“It’s all gone wrong, Gnat...” Dmitry started, but waved a hand in vexation, lowered his head and went silent.

“What went wrong? Was the frigate destroyed?” I asked, voicing the first thought that came to mind. That only made him more despondent:

“It’s total shit with the frigate too... No, it wasn’t totally destroyed, but after the explosion of the planetoid, it can hardly be told apart from useless wreckage. The explosion threw us out into space, turned us over and slammed us into the nearest cliff, breaking and tearing everything that could be broken or torn. There are no engines left at all. The main thruster was torn out ‘with the meat,’ along with the maneuver drives, and there never was a hyperspace one. You might as well say there is also no power unit, because it’s all shot to shit and the repair will cost more than buying one new. All that remains is one forcefield generator of three. All the electronics need replacing, there are no cannons, guidance or navigation systems, the climate unit was destroyed... It would be easier to just tell you what we do have! Even the hull was pierced and dinged up. Only two sections can still hold pressure. Basically, in this form it is no longer a frigate, but a piece of composite flecked with glass and metal scrap.”

Hrm... Zheltov was painting this joyless picture with too much verve and detail, so I was also upset imagining an uncontrollable heap of trash drifting around in space. Seemingly, the dream of owning my own starship would have to be set aside...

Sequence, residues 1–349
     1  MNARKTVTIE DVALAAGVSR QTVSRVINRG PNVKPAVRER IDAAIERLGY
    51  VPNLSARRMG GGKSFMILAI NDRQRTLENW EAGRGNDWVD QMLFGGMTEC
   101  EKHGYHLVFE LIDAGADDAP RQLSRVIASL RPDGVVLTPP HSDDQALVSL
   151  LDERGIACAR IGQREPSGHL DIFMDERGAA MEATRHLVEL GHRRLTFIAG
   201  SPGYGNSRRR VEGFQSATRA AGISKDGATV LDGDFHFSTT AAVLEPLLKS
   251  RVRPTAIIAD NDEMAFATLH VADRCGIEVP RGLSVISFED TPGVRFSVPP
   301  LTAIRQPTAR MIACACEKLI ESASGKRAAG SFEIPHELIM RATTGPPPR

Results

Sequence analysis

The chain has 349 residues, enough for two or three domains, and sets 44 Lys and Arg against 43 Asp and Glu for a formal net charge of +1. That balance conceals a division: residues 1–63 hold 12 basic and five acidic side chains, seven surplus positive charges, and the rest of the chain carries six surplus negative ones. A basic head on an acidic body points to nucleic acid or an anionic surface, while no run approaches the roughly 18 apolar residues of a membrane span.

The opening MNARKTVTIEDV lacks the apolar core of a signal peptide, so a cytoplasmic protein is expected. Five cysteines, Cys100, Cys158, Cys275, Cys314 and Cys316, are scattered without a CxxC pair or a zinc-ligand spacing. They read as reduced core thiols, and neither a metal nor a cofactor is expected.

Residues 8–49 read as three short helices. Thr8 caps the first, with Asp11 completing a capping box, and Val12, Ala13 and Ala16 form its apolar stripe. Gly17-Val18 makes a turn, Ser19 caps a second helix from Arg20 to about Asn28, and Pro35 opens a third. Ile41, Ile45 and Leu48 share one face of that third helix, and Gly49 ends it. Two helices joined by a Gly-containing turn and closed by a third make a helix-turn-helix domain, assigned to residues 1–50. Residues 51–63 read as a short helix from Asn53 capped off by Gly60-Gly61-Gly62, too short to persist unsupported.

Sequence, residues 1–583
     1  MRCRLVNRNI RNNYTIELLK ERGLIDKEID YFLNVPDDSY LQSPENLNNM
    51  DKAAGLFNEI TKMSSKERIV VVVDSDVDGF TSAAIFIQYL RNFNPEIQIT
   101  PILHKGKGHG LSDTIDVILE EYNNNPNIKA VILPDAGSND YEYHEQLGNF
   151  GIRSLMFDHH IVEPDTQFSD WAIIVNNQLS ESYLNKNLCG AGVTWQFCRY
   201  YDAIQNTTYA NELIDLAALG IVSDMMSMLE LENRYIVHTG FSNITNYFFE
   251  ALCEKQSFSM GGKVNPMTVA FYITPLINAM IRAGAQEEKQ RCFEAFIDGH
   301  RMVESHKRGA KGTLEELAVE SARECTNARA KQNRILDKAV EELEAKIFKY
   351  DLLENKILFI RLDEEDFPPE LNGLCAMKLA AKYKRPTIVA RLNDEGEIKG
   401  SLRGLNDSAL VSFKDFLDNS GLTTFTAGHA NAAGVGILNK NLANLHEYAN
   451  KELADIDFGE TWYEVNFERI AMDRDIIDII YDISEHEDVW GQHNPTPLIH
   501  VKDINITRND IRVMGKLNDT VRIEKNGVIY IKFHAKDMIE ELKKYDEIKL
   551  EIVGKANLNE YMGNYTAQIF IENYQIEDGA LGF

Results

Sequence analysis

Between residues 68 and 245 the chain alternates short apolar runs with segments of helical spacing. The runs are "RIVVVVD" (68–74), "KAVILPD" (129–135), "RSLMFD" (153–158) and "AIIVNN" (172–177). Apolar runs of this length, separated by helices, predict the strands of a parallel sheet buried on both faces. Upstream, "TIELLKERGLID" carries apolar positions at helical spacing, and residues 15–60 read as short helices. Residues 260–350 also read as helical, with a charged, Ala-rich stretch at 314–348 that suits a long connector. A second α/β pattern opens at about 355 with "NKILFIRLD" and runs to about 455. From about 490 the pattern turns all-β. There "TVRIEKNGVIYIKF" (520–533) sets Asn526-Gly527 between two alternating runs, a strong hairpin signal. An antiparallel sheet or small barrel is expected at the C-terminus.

“We got lucky and Ayukh managed to set up and turn on the friend-foe system, so we weren’t turned to ash by our very own fleet. Around an hour after the battle, our frigate was caught by a gravity crane and brought into a huge mothership of the sixteenth auxiliary flotilla along with a bunch of other broken ships, both Meleyephatian and Geckho. Ayukh spent a long time arguing with the repair-guys, but still insisted that our ship be classified as repairable. And now the navigator is trying to draw up ownership documents for himself. I don’t know if he’ll manage or not. They say it’s hard to do that now and such questions are decided only by the fleet commander.”

Dmitry was repeating what I’d already heard from the Supercargo. Captured trophies would be handed out at Kung Waid Shishish’s personal discretion and only he could decide who this or that captured ship would belong to.

“So, what else went wrong?” I asked the Starship Pilot. “I mean, you started out saying everything had gone wrong including the frigate.”

“Yes, Gnat. But the destroyed frigate is not the main thing that has me upset,” Dmitry continued hitting me with bad news. “It’s good that you’re sitting down. Here’s the news: our former Captain Uraz Tukhsh has become a Gerd and was officially recognized as a war hero. He even got a purple ribbon of honor to wear on his shoulder from the ruler of the Geckho race Krong Daveyesh-Pir. It is kind of like the Gold Star medal in Russia. Just imagine! Just so you appreciate the scale and rarity of the honorable trophy, after the grand battle there was only one other person who earned such a ribbon: Commander of the Third Strike Fleet himself, Kung Waid Shishish!”

I was sitting with my mouth gaping in surprise, unable to believe my ears. How was that even possible?! Uraz Tukhsh was not known for his bravery. In fact, it was more the opposite. Also, he had died due to his own stubbornness and poor foresight long before the battle ended! Or had the young ambitious Aristocrat gone all out and put his life on the line not only in the game but also in the real world by moving his respawn point to the deadly enemy planetoid, then finished his mission to deliver the mine. If so, there was no disputing it. It was a truly foolhardy and heroic feat, which merited the very highest award.